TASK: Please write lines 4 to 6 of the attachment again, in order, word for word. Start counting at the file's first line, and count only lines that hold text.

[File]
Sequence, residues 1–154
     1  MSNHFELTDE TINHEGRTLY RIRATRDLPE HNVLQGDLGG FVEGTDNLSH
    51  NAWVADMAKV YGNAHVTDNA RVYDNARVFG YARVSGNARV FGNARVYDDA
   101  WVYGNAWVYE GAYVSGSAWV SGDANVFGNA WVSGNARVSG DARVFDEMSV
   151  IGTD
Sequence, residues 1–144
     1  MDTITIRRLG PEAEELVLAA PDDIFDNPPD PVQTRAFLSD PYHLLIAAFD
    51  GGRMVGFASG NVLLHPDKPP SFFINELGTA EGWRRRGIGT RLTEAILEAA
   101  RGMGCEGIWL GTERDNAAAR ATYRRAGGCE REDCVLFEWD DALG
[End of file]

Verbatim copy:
   101  WVYGNAWVYE GAYVSGSAWV SGDANVFGNA WVSGNARVSG DARVFDEMSV
   151  IGTD
Sequence, residues 1–144